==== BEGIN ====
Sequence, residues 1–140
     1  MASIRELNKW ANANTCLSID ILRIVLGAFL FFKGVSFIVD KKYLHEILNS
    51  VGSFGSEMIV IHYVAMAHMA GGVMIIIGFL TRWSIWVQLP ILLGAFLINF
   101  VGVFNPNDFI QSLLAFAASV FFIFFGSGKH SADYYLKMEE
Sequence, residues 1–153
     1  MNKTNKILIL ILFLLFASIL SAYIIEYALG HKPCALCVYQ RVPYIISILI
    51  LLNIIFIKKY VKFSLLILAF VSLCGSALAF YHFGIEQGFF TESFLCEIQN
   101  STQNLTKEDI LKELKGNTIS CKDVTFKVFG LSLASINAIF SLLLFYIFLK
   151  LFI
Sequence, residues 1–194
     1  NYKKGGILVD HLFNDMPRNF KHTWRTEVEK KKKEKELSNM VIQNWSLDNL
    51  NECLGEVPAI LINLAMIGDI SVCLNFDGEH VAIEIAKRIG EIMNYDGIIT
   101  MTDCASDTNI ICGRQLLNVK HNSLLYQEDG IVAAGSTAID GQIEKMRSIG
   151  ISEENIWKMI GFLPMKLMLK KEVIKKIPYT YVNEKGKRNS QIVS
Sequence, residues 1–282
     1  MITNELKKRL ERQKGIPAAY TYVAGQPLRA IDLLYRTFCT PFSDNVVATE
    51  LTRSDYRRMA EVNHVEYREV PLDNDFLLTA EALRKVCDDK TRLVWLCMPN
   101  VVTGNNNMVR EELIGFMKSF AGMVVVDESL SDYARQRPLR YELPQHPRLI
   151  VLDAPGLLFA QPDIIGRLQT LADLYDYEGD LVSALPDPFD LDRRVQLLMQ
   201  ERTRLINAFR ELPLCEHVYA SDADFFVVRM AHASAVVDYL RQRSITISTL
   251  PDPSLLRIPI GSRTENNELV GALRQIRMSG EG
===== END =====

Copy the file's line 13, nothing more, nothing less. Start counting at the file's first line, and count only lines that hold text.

   101  MTDCASDTNI ICGRQLLNVK HNSLLYQEDG IVAAGSTAID GQIEKMRSIG